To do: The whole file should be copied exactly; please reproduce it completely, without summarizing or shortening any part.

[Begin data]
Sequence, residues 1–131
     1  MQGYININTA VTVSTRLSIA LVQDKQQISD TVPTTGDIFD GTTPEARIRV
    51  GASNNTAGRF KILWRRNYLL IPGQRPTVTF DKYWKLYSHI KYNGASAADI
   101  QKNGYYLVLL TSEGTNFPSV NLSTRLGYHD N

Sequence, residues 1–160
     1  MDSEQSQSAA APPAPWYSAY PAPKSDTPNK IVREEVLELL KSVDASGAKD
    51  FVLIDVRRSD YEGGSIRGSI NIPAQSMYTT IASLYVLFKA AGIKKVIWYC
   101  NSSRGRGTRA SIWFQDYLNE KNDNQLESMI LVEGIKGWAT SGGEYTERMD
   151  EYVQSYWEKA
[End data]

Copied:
Sequence, residues 1–131
     1  MQGYININTA VTVSTRLSIA LVQDKQQISD TVPTTGDIFD GTTPEARIRV
    51  GASNNTAGRF KILWRRNYLL IPGQRPTVTF DKYWKLYSHI KYNGASAADI
   101  QKNGYYLVLL TSEGTNFPSV NLSTRLGYHD N

Sequence, residues 1–160
     1  MDSEQSQSAA APPAPWYSAY PAPKSDTPNK IVREEVLELL KSVDASGAKD
    51  FVLIDVRRSD YEGGSIRGSI NIPAQSMYTT IASLYVLFKA AGIKKVIWYC
   101  NSSRGRGTRA SIWFQDYLNE KNDNQLESMI LVEGIKGWAT SGGEYTERMD
   151  EYVQSYWEKA